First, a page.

Make that Choice

  • SumoMe

In 1988, the 61st amendment to the Indian Constitution reduced the minimum age of voting from 21 to 18 years. At that time, there was a lot of debate about this issue and in fact, the final move was considered ‘revolutionary’. Almost two decades later, it seems that all the controversy was really not worth all the effort. Most urban educated people falling under that age bracket remain disinterested in politics.

None of my acquaintances have even bothered to get themselves registered on the eligible voter’s list. To them, it is almost a certainty that they will not have any say about the next government that comes to power.

Recently, I asked a friend why he was not on the voter’s list despite being almost 20 years old. He answered with a shrug. “Why bother? They are all the same”. This is the typical attitude and frankly, I sympathize. The world of politics has long been embedded in our minds as “dirty” and therefore avoidable. In fact, I disagree with most people who say that the youth of the country should enter politics. Unless they are interested, why should they? I agree that it is a valid argument to say that if they do not take an interest, fresh blood would never enter politics. Yet I cannot help feeling that most of us feel that there are better ways to serve the people and worthier goals to pursue in these times.

However, the unwillingness to enter active politics and complete disinterest towards it are two very different situations and I am afraid that most of us suffer from the latter. How else would one explain the almost-repulsed attitude that most of us have towards voting? It is rather sad because it is a right for which the country had to fight for a long time. Now that we have it, we don’t value it. In fact, one would say that we can almost do without it. This is extremely dangerous as the most vital thing that sustains a democracy is its people. A democracy is a system where we, the people, are required to elect representatives and ensure that they make our voices heard. If we are so averse to our own representatives, how can we ever hope to bring about change for the better? After all, whether we admit it or not, true power is only this legitimate power which governs us. We may not want to be a part of it, but all of us must take at least take a part in forming it and appraising it.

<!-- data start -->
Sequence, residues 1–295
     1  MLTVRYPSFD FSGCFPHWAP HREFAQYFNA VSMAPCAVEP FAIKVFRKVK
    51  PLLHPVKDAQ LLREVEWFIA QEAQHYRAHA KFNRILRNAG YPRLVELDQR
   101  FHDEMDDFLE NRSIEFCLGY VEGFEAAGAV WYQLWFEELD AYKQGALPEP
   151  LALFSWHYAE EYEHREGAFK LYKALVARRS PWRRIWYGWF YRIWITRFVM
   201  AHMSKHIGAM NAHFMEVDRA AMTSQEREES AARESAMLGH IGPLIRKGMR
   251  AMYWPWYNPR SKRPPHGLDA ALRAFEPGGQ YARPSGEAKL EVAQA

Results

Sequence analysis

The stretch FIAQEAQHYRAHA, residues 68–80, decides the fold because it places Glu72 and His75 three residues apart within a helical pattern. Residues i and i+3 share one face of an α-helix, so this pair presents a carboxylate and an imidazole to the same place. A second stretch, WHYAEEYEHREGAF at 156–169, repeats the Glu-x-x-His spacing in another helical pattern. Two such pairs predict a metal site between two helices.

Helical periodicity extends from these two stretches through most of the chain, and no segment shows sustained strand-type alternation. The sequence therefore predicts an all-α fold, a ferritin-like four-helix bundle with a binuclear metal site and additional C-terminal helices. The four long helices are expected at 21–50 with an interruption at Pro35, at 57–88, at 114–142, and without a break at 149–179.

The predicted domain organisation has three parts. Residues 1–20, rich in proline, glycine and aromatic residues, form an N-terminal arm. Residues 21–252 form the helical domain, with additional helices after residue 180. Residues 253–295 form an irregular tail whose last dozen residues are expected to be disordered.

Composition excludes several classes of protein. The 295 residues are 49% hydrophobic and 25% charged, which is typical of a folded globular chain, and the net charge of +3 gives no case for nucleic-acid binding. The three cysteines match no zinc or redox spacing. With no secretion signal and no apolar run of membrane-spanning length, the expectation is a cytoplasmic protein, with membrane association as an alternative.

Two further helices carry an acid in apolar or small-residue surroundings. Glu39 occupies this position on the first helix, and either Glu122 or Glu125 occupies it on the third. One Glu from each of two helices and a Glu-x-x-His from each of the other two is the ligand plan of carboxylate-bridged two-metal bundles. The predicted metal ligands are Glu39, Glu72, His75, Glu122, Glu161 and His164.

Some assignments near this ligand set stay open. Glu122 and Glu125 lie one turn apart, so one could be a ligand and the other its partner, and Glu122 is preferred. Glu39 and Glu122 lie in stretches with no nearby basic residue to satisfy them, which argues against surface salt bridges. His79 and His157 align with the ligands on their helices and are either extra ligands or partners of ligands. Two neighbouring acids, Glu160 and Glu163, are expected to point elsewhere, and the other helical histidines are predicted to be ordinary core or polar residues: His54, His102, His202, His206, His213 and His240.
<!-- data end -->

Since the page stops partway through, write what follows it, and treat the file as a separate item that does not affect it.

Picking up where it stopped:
We take this right to vote for granted but we forget that this is a right which a lot of nations still don’t give to its people. In fact, we have such examples from our own sub-continent, where people have long been alienated from the process of governance. At least, we must be thankful that ours is a thriving democracy. There may be scores of parties and politicians looking to promote their self-interest. We may feel that the choice is between the devil and the deep sea. But, the keyword here is choice. A lot of people don’t have it. We do and yet we seem disinterested in using it. We must learn to value what we have.

In a way, globalization has brought us all together, but it has also strengthened the need to be a part of the process which is working towards bringing about a better world. I am sure that all of us want to contribute towards it in some way. And the way to begin is to start exercising our choice in favour of those who we want should take on the mantle further.

Ipshita Ghosh

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